Regulations promulgated by the agency prohibit companies from interfering with or restricting employees from reporting potential violations to the agency. SEC Rule 21F-17 makes it a separate violation of law to “take any action to impede an individual from communicating directly with the Commission staff about a possible securities law violation, including enforcing, or threatening to enforce, a confidentiality agreement.”

Recent news stories reported that the SEC had sent letters to companies requesting copies of various documents—including employment contracts, corporate training materials on confidentiality, nondisclosure agreements, confidentiality agreements, severance agreements, and settlement agreements reached with employees since Dodd-Frank went into effect—in an effort to ensure that employers were not impeding whistleblowers’ rights.

The news reports became a reality when the SEC announced a consent order reached with Texas-based KBR, Inc., a technology and engineering firm the agency said violated Rule 21F-17 with a confidentiality agreement.

KBR received complaints and allegations from employees of potentially illegal or unethical conduct by the company and its workers. As part of its compliance program, the company conducted internal investigations of such allegations, which typically included interviews of KBR employees, including the individual who originally lodged the complaint.

Interviewees were provided with a form confidentiality statement by KBR. The agreement was not required by company policy but was included in the Code of Business Conduct Investigation Procedures Manual and investigators had witnesses sign the statement at the start of an interview, the SEC said. The form was used both prior to the promulgation of Rule 21F-17 and after.

The agreement included the following provision:

“I understand that in order to protect the integrity of this review, I am prohibited from discussing any particulars regarding this interview and the subject matter discussed during the interview, without the prior authorization of the Law Department. I understand that the unauthorized disclosure of information may be grounds for disciplinary action up to and including termination of employment.”

Such language potentially discouraged employees from reporting securities violations in contravention of Rule 21F-17, the SEC alleged.

“Though the Commission is unaware of any instances in which (i) a KBR employee was in fact prevented from communicating directly with Commission Staff about potential securities law violations, or (ii) KBR took action to enforce the form confidentiality agreement or otherwise prevent such communications, the language found in the form confidentiality statement impedes such communications by prohibiting employees from discussing the substance of their interview without clearance from KBR’s law department under penalty of disciplinary action including termination of employment. This language undermines the purpose of Section 21F and Rule 21F-17(a), which is to ‘encourage[e] individuals to report to the Commission,’ ” according to the SEC’s order.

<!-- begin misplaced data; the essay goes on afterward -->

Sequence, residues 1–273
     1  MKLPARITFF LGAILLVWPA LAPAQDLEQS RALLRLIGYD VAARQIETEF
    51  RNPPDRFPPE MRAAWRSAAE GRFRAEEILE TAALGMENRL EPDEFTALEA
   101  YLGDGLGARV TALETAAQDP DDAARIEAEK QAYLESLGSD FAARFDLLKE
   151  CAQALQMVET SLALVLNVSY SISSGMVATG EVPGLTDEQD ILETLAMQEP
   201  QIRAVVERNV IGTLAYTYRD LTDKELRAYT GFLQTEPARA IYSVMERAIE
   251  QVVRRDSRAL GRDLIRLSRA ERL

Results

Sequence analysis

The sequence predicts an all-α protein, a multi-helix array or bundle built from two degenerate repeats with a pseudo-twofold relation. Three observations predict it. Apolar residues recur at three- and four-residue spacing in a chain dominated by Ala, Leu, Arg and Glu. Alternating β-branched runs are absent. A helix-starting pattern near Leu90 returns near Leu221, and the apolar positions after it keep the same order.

To settle the charges, KBR—which did not admit or deny the allegations—agreed to pay a $130,000 penalty to the SEC and amended its confidentiality agreement with a new clause:

“Nothing in this Confidentiality Statement prohibits me from reporting possible violations of federal law or regulation to any governmental agency or entity, including but not limited to the Department of Justice, the Securities and Exchange Commission, the Congress, and any agency Inspector General, or making other disclosures that are protected under the whistleblower provisions of federal law or regulation. I do not need the prior authorization of the Law Department to make any such reports or disclosures and I am not required to notify the company that I have made such reports or disclosures.”

The company also promised to make “reasonable efforts” to contact all KBR employees in the United States who signed the allegedly illegal agreement from August 21, 2011, to the present and provide them with a copy of the order and an explanation of their rights.

To read the SEC order in In the Matter of KBR, Inc., click here.

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NLRB: Profane Facebook Post Constitutes Protected Activity

Why it matters